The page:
But not ALL cross city services have been untouched.

One particularly subtle chop comes to routes 97 and 98.
On the south western side of the city they have their origins in a merging of former tram routes to Millhouses and Beauchief ...
... by extension to Totley and Totley Brook. For some considerable time each route has run every 20 minutes providing a respectable ten minute frequency on the common section of the route running cross city to Southey Green and on to Hillsborough.

Then at the end of May this year it joined to ranks of those services "reduced for the Summer season" from every 20 each to every 30 each. This had never happened before.

Originally some cross-city routes were trimmed for the duration of the school Summer holidays, then the reduction was extended into June and July for those routes serving the University; because, apparently, most of the students had hopped it for their well deserved three-and-a-half month summer break.

More and more services have joined this negative scheme despite the fact the few of those added carry many students! This year for the first time the 97/97 joined the throng.

And here comes the chopper.

All such services will revert to their pre-"Summer" times from 1st September EXCEPT the 97 and 98 which will continue at every 30 minutes each.
Soon Sheffield's residents may well be singing this ill-remembered chorus from Gilbert and Sullivan's Mikado.

To curse in solemn silence at a cold, wet stop,
Because the buses' headway has a timetable drop,
Regarding the reduction as a big, sharp shock,
From the god "commercial" chopper on a big black block!
To long for days of old when trams ran every four,
Those happy long lost days; cheap travel days of yore!
Regarding the reduction as a big, sharp shock,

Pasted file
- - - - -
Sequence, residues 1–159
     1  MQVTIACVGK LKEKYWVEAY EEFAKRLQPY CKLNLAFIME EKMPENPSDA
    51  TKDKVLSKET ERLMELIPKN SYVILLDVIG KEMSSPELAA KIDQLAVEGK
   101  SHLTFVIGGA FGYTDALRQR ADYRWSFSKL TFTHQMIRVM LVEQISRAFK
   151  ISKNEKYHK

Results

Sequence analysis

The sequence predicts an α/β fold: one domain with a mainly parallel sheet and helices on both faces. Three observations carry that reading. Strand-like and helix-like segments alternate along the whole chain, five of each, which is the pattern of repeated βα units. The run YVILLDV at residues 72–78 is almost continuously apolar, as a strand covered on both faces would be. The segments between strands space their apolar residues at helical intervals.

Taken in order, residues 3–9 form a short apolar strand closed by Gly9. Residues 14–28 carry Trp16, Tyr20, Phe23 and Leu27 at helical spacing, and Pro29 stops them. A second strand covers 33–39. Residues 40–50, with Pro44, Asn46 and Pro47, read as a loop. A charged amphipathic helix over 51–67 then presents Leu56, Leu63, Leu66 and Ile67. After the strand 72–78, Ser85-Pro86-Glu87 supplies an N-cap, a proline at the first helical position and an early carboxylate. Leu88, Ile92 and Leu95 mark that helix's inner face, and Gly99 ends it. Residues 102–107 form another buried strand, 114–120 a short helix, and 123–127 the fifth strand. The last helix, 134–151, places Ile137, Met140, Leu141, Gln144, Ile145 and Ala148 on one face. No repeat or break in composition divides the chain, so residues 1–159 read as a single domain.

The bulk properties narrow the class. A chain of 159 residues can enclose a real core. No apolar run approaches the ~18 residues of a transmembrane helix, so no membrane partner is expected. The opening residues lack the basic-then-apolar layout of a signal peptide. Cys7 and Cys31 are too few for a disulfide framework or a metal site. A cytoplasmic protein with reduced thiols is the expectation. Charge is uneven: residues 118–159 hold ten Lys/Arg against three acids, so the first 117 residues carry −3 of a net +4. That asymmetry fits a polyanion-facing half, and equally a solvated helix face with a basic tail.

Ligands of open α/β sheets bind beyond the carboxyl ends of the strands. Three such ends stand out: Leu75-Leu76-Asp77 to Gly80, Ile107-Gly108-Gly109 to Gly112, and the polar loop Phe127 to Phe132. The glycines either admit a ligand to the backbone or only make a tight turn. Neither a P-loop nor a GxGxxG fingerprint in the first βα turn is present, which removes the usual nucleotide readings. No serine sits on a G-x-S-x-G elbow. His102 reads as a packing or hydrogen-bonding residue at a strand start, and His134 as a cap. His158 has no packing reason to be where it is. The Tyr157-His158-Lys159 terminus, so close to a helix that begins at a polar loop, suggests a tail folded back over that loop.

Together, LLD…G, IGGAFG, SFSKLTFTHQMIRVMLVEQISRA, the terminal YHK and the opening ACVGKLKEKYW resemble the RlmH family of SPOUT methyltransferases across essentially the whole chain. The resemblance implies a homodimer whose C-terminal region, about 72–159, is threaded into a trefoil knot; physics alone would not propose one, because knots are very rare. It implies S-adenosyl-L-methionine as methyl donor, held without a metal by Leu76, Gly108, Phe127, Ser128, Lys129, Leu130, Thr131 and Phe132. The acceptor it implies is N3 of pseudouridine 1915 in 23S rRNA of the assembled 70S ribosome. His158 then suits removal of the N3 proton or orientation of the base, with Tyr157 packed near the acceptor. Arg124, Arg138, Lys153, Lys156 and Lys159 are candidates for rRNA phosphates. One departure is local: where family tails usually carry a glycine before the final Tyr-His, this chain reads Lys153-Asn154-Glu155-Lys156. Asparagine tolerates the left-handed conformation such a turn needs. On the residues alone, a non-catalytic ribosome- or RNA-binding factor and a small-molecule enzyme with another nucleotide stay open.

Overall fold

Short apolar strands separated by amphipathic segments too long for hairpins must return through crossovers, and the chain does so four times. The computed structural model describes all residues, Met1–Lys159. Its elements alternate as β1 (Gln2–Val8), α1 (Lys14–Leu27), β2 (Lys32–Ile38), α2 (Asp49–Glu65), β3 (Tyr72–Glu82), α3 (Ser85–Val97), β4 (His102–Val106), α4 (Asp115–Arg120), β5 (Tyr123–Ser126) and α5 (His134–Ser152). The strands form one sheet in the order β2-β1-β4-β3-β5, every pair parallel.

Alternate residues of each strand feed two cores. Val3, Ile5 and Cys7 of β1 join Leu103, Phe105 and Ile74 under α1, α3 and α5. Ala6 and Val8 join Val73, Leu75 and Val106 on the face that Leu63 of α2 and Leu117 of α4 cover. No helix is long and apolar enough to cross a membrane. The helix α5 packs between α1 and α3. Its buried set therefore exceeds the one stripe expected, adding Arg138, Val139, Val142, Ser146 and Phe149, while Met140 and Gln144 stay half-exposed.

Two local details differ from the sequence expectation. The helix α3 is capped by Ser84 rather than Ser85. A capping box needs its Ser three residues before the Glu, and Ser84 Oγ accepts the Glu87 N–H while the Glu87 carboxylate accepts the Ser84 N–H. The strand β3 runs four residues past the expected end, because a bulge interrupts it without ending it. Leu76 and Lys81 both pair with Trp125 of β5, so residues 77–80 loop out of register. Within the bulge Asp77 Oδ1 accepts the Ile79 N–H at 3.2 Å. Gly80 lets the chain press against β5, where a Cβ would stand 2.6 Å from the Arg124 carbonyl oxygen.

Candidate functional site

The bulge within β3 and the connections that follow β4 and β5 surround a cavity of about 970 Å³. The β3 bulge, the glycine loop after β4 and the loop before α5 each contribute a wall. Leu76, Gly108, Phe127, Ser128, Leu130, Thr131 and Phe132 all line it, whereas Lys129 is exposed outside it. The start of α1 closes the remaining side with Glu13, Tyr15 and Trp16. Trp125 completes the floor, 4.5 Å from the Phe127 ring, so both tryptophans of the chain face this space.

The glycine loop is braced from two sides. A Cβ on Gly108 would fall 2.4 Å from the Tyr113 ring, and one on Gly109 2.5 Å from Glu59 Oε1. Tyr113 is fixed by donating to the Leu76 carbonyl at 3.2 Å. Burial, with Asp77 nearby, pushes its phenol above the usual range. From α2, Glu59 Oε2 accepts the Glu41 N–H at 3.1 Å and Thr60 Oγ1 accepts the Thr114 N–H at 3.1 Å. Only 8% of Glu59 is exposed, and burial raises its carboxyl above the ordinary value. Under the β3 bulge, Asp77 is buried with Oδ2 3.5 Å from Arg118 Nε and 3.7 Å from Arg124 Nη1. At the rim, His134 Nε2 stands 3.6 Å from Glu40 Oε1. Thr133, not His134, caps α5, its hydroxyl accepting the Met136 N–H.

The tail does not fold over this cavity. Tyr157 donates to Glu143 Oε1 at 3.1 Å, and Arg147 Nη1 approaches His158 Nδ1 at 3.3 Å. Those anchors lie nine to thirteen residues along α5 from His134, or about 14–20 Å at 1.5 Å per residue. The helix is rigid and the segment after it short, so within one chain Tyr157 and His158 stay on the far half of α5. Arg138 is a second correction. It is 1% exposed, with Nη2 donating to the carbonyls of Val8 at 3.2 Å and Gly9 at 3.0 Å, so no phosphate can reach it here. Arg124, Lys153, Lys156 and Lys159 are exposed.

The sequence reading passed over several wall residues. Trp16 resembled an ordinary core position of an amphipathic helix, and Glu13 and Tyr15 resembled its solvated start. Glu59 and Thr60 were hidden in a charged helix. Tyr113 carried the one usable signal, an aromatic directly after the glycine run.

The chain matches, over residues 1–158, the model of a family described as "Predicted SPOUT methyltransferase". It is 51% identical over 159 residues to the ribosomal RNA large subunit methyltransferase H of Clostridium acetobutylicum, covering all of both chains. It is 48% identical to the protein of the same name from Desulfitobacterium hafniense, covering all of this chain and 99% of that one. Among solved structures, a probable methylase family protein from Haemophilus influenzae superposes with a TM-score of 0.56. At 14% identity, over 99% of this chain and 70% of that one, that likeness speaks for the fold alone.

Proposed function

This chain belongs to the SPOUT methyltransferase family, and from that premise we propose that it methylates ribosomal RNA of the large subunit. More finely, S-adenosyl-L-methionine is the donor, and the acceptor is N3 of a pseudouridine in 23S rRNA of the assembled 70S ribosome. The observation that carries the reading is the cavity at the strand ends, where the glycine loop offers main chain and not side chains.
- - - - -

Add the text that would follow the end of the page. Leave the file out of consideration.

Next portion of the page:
Sustainability's chopper on a big black block!
Is this the very best that the modern bus can do,
Hiking fares; and passengers down to very few!
Regarding the reduction as a big, sharp shock,
From a "profitable" chopper on a big black block!

The extracts show times from the changes on 1st September (Sunday) and are from the Monday to Friday schedules extracted from the GoTimetable App and website.

There are more chops tomorrow ...
... sadly for Sheffielders not the yummy edible kind!

P S. Scarborough Sevens
Thanks to a twitterer recorded by GoAhead North East boss Martijn Gilbert we do have a picture of a Scarborough Seven. (see yesterday's blog)
The same contributor commented on the "excellent route maps" posted at bus stops.
Good to see that "it's all on line" - NOT.

Thanks to a comment (yesterday's  blog) for pointing this out.

 Next "carnage" blog : Tuesday 13th August 

1 comment:

  1. It's not clear to me how Sheffield's operators decide which, or how many, services to cut during the summer. It's certainly true that a few services with heavy student traffic can stand a reduction but I suspect it's got a lot more to do with driver availability given that many want to take family holidays over the summer.

    The Nether Edge service was reduced over the summer for a few years but for the last couple at least 'normal' ('winter'?) levels have been retained.

    This year (at least) Stagecoach placed notices in their buses advising of the introduction of 'summer timetables' on many of their services, but without giving any hint as to what a summer timetable actually is. I'm sure many people haven't a clue and some very likely thought it was good news - maybe quicker times with no allowance having to be made for ice and snow?

    As to possible 'carnage' there are currently 484 buses a week from Nether Edge to town; from 1 September this will drop to 338, i.e. about a 30% reduction. This may be more in line with demand, now that this has been severely curtailed by First's charging policies - many people are more than happy to walk for 20-30 minutes rather than pay £3.00 for such a short journey, especially when 20-minute gaps in service are by no means uncommon (I recognise the problems and don't hold First entirely responsible for some unreliability).